"This book is a remarkable achievement: fascinating, stimulating, in many ways brilliant and revolutionary because it forces us at every turn and on almost every page to reassess traditional views, familiar explanations, and a worldview we took for granted."--Kurt Raaflaub, co-author of "The Origins of Democracy in Ancient Greece "Munn has a superb gift for association, interconnecting facts into completely unexpected new vistas."--Henrik Versnel, author of "Triumphus: An Inquiry into the Origin, Development and Meaning of the Roman Triumph
Table of contents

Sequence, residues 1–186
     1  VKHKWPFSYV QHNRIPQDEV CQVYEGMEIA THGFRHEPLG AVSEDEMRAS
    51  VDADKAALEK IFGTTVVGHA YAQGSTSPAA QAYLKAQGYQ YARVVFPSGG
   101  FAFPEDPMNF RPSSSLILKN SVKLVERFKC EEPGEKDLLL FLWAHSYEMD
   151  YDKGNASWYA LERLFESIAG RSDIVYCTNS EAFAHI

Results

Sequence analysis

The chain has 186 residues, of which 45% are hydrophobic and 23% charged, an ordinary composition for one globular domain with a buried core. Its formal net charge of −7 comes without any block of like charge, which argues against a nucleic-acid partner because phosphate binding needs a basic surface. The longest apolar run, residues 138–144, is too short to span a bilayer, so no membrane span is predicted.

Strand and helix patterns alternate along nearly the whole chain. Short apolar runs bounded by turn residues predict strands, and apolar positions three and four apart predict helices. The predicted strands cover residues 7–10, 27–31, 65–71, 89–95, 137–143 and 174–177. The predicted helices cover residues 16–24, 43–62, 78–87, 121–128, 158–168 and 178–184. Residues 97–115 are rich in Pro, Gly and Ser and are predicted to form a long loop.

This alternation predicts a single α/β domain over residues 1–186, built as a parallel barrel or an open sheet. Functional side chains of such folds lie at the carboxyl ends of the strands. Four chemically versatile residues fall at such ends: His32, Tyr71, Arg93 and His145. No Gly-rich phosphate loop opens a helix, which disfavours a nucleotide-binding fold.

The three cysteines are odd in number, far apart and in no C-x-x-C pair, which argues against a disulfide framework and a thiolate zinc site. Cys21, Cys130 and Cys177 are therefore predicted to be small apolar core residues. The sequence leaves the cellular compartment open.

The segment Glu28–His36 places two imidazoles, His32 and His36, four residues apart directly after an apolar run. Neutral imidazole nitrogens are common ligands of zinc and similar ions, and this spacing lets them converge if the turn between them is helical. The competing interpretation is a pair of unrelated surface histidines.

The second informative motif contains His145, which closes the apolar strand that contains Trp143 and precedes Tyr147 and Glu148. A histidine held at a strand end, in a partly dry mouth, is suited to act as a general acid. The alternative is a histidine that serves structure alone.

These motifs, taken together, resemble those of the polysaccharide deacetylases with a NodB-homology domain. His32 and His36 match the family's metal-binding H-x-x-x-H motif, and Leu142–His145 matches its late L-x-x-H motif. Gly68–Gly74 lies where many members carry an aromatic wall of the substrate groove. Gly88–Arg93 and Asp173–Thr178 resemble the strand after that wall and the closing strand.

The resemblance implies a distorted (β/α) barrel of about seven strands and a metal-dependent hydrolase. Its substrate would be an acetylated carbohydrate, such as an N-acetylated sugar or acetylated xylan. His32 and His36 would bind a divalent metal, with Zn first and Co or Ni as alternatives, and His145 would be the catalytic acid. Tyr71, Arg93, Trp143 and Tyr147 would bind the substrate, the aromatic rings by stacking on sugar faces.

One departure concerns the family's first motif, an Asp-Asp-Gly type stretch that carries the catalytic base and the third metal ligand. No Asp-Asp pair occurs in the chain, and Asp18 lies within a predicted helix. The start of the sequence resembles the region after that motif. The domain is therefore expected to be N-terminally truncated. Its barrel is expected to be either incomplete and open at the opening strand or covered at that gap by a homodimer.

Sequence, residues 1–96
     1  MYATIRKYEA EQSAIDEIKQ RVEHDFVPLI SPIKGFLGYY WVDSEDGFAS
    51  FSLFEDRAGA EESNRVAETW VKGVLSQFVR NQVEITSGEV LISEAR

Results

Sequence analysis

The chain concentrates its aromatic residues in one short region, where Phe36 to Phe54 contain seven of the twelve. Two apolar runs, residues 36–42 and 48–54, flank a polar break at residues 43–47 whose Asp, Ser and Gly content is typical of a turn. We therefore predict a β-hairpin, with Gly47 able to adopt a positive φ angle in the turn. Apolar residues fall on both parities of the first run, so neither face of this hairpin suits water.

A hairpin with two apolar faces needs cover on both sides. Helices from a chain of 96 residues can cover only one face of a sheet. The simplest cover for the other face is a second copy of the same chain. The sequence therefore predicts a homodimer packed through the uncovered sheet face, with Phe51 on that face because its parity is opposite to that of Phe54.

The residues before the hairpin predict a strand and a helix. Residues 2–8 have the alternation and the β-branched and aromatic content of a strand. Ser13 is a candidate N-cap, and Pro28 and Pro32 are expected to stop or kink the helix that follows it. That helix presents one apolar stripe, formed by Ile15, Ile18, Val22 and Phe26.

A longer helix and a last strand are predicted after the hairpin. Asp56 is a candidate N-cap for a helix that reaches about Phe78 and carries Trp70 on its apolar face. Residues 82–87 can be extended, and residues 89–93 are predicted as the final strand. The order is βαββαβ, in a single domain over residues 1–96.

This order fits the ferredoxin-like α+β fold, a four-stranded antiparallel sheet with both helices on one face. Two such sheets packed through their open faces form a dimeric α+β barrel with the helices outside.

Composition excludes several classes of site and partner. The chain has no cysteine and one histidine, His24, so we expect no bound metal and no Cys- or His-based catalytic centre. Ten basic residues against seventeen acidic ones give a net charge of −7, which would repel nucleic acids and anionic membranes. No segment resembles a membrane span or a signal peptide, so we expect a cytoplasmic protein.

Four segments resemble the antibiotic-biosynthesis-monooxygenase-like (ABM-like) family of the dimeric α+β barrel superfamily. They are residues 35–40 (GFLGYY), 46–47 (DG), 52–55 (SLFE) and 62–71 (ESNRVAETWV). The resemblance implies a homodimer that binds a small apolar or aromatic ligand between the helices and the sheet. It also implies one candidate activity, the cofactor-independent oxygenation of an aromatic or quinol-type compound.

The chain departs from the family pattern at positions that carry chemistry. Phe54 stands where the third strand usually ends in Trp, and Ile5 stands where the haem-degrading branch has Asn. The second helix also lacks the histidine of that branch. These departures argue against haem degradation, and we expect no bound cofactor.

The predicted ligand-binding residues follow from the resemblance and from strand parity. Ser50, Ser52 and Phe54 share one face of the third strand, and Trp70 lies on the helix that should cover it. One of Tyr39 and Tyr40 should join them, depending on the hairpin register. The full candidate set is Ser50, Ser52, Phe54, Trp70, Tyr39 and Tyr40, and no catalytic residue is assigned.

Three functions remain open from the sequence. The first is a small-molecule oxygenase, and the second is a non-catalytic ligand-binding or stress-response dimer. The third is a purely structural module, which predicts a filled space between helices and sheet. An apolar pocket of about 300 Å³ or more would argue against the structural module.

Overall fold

List of Illustrations Preface Abbreviations Introduction 1. Sovereignty and Divinity in Classical Greek Thought The Study of Religion in Greek History Sovereignty and Tyranny Sovereignty and Greek Religion Theogony; or, The Conditions of Sovereignty Humanity and Divine Sovereignty The Passing of an Age of Innocence The Quest for Transcendent Divinity 2. The Mother of the Gods and the Sovereignty of Midas The Mother of the Gods and the Phrygian Man" at Athens The Land of Midas The Home of Kybele, the Mother of the Gods The Mother of Midas Sovereignty and the Gods of Phrygia The Legacy of Midas 3. The Mother of the Gods and the Ideals of Lydian Tyranny The Lover of Gordius Sovereigns and Their Concubines Aphrodite and Lydian Tyranny Aphrodite, Kybebe, and Kubaba Kubaba, Kybebe, and Kybele Mistress of Lions and the Consort of the King The Ideals of Lydian Tyranny: A Summary So Far 4. The Mother of the Gods and the Practices of Lydian Tyranny Tyranny and Fertility The Grief of the Goddess Grieving for Atys The Tribute of Tyranny Deifying the Mother of Kingship Eunuchs, Tyranny, and the Mother of the Gods Artemis and the Mother The Legacy of Lydia 5. Asia, the Oikoumen9, and the Map of the World The Idea of Asia Anaximander's Map Kingship and the Oikoumen9 The Itinerary of the Oikoumen9 The Balance of Justice in the World The Landscape of Creation at Sardis The Purification of Delos The Rulership of the Sea Hecataeus' Map 6. The Mother of the Gods and Persian Sovereignty Earth and Water The Persians and the Gods of Lydia Scythia and the Oikoumen9 Athens, Tyranny, and Persia The Ionian Revolt The Heralds of Darius The M9tragyrt9s at Athens The Legacy of the M9tragyrt9s: The Argument So Far 7. Persian Sovereignty and the Gods of the Athenians The Mother of the Gods Rejected Placating Artemis and Honoring Demeter Miltiades, Themistocles, and the Mother of the Gods Founding the League at Delos The Peace of Callias Honoring Athena on the Acropolis 8. Herodotus and the Gods Religion in Greek Historical Thought Herodotus and the Unnamed Divinity Religion and Universal History Herodotus' Way of Knowing the Past The Knowledge Herodotus Shared with His Audience Herodotus, the Gods, and History 9. The Mother of the Gods at Athens Alcibiades' Tyrannical Ambitions The Symbiotic Sovereignty of Greeks and Persians The Mother of the Gods Accepted The Mother of the Gods and the Sovereignty of the Laws The Names of the Mother The Mother of the Gods in Greek Historiography The Mother of the Gods, Spartan Hegemony, and War The Mother of the Gods, Athenian Hegemony, and Peace Conclusions Bibliography General Index Index of Select Greek Terms Index Locorum